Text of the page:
One of the most perplexing and challenging sayings of Jesus in the entire New Testament is found in Matthew 11:28-30. Our Lord says:

Come to me, all you who are weary and burdened, and I will give you rest. Take my yoke upon you and learn from me, for I am gentle and humble in heart, and you will find rest for your souls. For my yoke is easy and my burden is light.

If I put one description upon this "yoke," and the effect it has upon a life, I would use the word "imperturbable." No matter what was going on around Jesus he was not disturbed by it. He was not a Stoic, no not at all. We even see him show emotions like grief and anger quite often in the biblical accounts. But he had within himself a deep Spirit-given treasure. By this treasure he could put everything into perspective and respond to things going on around him with deep and abiding (perfect) peace. De Sales
One of the Catholic saints, St. Francoise de Sales, was said to be able to  "impart peace of soul to those who came to talk to him." I think this is precisely what Jesus is talking about here.
Those who take this "yoke" upon them have this gift developed within them over time.

In 1615 St. Francois (Francis in English, but Francois to be clearly distinguished from St. Francis of Assisi) responded to a letter addressed to him about the problem of anger. In giving his counsel he references his own life and then says:

Take reassurance for your spirit for this is not something I haven't experienced myself. I know well that our nature boils with bitterness when we feel ourselves under attack and we let our self-esteem suggest all kinds of bad feelings against those who are doing the attack. With God's help we can try to resist being enraged or at least to give in completely. This then is a good opportunity to practice humility, to confound our enemy with sweetness, and to acknowledge our miserableness.

I thought about this in my morning watch today. As I reflected on my speaking last evening to six young couples in Wheaton I considered how I had told my own story to them. I had been asked to share about my own experience and the writing of my forthcoming book, Your Church Is Too Small (Zondervan, February, 2010). A part of my story includes my sense of personal rejection by friends and the attendant emotions that I dealt with in response to this profound rejection. In trying to tell this story I too often come across as feeling and appearing heroic for my response. This then stirs up inside of me the feelings of "poor me," or of pride because I was willing to do what I thought was right. If this is not bad enough there is usually a sense of justice and anger that then develops. I have been sinned against and I want people to know this story as much as possible. The result, I find all too often, is that people will admire me for who I am and for how I responded to a bad situation. I then feel better about myself in the process, at least until I deal with my Father in private.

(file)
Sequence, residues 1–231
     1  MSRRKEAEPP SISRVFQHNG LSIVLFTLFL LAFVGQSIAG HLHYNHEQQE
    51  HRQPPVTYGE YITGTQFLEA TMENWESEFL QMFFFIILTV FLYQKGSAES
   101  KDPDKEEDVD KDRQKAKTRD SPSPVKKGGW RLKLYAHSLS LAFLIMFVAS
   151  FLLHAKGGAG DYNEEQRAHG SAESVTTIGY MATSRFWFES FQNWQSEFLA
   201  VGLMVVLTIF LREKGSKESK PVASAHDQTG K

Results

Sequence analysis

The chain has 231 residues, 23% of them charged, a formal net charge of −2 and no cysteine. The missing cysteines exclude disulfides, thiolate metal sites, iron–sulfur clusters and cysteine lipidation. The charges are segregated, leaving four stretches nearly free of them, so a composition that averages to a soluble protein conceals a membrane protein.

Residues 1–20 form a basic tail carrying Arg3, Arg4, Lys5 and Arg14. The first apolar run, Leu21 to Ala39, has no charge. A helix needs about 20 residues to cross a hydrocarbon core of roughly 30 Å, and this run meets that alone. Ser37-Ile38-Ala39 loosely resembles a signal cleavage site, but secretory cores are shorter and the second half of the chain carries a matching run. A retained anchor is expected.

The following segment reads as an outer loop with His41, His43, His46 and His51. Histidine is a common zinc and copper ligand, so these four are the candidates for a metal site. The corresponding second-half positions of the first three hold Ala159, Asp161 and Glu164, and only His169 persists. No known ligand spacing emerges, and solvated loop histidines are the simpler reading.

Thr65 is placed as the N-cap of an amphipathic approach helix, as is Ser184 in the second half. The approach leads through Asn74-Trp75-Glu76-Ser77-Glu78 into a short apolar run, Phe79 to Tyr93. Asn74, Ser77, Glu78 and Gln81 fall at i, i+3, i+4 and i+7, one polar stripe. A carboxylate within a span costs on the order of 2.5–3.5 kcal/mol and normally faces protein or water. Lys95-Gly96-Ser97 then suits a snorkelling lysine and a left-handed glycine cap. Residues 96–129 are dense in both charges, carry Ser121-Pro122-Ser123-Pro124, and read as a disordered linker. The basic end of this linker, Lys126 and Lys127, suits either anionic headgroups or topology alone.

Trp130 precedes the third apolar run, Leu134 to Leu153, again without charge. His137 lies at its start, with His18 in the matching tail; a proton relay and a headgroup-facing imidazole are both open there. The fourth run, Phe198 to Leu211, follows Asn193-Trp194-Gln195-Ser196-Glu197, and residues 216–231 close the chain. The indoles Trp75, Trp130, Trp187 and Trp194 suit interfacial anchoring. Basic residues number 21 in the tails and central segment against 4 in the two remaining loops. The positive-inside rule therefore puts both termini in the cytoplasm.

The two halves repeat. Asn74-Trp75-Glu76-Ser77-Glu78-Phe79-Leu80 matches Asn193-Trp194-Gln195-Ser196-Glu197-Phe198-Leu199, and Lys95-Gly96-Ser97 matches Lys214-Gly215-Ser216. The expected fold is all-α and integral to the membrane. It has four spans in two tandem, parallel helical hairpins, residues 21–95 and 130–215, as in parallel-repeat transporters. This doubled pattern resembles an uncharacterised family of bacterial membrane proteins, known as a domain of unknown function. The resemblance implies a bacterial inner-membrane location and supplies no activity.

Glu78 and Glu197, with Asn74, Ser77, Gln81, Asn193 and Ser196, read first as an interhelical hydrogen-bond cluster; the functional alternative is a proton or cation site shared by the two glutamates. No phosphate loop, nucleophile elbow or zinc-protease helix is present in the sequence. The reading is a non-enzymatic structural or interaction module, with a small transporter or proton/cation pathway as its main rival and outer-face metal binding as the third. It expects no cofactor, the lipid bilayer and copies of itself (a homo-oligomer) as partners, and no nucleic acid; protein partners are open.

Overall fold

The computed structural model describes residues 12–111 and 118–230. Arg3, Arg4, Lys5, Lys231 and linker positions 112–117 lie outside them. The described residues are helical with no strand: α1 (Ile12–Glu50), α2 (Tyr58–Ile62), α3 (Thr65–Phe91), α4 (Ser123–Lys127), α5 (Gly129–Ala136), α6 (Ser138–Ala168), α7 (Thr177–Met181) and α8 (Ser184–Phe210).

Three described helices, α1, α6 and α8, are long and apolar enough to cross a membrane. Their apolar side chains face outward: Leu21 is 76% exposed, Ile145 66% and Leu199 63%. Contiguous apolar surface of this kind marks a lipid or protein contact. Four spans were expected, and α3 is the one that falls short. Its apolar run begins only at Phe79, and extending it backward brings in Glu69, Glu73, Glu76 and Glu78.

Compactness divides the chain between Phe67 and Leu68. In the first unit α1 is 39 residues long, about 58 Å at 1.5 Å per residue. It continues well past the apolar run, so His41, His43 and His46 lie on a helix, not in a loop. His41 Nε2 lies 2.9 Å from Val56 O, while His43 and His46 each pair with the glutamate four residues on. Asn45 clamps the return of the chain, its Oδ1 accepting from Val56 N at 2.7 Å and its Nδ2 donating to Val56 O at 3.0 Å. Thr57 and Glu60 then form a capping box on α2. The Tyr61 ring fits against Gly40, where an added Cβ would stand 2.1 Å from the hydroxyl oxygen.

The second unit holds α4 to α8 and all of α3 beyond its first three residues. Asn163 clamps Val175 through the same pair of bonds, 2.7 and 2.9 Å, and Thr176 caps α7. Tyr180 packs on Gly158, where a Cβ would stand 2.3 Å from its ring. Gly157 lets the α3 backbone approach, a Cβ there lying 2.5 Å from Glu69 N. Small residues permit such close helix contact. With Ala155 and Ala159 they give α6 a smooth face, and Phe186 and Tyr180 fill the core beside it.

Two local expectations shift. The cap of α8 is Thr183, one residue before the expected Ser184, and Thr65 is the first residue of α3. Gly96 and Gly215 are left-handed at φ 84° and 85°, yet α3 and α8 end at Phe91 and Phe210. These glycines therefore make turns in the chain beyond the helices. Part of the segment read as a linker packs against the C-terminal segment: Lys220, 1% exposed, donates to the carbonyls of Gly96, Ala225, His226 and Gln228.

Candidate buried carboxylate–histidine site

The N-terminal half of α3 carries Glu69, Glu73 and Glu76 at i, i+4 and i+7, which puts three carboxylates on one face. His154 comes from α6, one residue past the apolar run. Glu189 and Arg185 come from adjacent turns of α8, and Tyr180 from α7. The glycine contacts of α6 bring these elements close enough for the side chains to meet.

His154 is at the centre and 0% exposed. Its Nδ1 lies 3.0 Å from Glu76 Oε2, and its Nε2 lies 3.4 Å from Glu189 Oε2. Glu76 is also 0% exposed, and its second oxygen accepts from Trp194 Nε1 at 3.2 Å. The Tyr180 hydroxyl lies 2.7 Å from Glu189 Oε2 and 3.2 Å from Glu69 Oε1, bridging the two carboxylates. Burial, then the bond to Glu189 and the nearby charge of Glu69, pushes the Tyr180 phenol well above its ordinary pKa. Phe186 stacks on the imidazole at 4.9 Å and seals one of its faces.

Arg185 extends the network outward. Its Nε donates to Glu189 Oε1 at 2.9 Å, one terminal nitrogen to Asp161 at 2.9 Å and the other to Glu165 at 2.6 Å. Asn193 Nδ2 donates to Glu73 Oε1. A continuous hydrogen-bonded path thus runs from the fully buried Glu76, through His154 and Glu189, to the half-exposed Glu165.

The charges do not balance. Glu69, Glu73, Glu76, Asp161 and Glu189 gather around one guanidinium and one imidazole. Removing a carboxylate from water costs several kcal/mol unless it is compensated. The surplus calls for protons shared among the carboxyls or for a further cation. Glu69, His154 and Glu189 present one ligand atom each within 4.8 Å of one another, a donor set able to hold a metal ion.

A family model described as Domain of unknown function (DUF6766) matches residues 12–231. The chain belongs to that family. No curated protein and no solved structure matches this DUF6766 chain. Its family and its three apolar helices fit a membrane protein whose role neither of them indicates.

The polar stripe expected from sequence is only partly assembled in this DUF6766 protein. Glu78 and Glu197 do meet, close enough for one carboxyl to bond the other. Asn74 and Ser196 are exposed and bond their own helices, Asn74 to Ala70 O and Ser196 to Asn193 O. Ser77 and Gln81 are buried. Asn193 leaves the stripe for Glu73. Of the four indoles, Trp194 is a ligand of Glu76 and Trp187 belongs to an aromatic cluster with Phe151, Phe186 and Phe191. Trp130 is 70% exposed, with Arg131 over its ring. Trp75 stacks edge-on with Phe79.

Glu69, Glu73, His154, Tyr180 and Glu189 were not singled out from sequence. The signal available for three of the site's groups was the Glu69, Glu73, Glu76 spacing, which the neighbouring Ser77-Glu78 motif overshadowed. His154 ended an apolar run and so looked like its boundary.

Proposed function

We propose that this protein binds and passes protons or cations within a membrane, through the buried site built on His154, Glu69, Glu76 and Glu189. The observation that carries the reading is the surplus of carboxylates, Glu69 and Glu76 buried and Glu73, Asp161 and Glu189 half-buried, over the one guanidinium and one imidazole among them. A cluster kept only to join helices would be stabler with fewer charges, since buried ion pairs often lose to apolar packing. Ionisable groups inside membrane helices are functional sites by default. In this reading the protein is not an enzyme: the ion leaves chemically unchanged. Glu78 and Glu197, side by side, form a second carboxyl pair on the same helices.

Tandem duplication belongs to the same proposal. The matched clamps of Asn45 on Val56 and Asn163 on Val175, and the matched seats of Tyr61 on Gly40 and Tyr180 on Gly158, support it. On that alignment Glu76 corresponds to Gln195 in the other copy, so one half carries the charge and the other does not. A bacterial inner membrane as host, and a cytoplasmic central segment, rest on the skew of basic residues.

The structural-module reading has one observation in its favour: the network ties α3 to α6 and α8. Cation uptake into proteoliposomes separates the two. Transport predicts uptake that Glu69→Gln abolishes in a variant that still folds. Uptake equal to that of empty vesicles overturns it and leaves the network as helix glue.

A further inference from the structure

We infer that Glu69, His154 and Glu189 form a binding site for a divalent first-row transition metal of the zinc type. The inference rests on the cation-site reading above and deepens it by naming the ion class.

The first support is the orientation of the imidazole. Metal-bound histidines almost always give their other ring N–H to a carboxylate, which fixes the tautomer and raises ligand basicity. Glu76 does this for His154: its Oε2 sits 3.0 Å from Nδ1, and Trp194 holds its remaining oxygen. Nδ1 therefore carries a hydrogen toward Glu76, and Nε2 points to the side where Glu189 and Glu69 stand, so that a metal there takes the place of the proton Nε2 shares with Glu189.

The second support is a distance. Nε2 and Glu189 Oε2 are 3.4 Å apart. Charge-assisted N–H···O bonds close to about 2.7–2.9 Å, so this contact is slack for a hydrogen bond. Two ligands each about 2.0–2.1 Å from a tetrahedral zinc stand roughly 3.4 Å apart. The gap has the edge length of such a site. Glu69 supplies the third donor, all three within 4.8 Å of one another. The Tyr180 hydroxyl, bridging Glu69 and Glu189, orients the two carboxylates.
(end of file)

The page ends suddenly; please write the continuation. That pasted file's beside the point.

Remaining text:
Well, as I read and prayed this morning I was rebuked once again in my soul for all of this false modesty and sinfully human self-defense. I need to acknowledge, to use the words of St. Francois, my "miserableness" and "confound the enemy with sweetness." But how?

At the root of all of this is human anger. How do we handle this anger? St. Francois wrote a book titled Introduction to the Devout Life (This link will take you to an on-line free edition of the spiritual classic.) His advice can be summarized in this helpful way:

1. Anger is a normal human reaction when we feel we are being attacked or hurt.

2. We cannot control the behavior of others but we can control our reactions.

3. We must recognize our vanity, our self-centeredness, and our pride more than anything else involved in the situation.

4. We can and must pray as we seek for God's help.

5. Try not to let the behavior, or words, of others make you lose control and if you fail learn to moderate your response.

6. Use such occasions to learn to practice the virtue of humility and thus turn a negative experience into a positive one.

7. Confound your enemy by not reacting in kind but rather by reacting with sweetness, recalling Romans 12:20.

8. Allow your propensity for anger to help you recognize your own limitations.

Tomorrow's Blog: Which is it, humility, or meekness, that is our greatest need in such circumstances? The answer might surprise you.

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